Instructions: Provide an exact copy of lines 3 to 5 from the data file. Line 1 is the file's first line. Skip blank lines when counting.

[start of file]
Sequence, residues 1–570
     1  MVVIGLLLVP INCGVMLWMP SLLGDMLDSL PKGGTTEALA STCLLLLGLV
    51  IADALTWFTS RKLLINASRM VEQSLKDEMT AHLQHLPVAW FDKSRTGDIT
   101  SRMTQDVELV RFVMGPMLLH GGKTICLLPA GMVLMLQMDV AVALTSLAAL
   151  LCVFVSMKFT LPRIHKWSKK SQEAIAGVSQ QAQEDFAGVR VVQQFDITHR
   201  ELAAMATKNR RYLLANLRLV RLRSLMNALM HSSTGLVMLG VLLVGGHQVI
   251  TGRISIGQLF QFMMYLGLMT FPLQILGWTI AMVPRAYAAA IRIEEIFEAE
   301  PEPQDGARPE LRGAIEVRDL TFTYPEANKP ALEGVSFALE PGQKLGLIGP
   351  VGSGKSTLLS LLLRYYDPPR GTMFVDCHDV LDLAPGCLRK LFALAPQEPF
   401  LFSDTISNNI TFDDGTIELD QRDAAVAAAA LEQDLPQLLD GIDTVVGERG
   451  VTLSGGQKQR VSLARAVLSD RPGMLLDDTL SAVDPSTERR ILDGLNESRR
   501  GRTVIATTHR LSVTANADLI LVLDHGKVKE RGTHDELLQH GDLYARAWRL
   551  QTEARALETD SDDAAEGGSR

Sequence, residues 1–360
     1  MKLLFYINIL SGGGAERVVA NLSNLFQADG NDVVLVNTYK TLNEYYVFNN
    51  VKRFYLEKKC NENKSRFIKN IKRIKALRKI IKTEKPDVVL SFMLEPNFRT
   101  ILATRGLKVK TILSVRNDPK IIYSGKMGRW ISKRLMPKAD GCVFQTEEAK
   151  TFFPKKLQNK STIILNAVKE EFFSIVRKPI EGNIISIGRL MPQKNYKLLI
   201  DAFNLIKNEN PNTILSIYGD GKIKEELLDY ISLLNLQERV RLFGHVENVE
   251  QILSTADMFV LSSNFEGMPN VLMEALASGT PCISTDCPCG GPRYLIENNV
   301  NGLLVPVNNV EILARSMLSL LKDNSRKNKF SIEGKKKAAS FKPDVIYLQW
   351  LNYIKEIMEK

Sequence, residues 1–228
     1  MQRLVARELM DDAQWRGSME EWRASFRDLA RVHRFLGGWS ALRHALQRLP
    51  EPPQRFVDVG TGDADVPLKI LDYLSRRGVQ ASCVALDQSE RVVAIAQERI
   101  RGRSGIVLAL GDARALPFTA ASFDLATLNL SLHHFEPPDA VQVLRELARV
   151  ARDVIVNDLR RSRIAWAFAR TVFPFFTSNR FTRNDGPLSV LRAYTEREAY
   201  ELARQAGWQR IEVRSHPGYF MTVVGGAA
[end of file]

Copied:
    51  IADALTWFTS RKLLINASRM VEQSLKDEMT AHLQHLPVAW FDKSRTGDIT
   101  SRMTQDVELV RFVMGPMLLH GGKTICLLPA GMVLMLQMDV AVALTSLAAL
   151  LCVFVSMKFT LPRIHKWSKK SQEAIAGVSQ QAQEDFAGVR VVQQFDITHR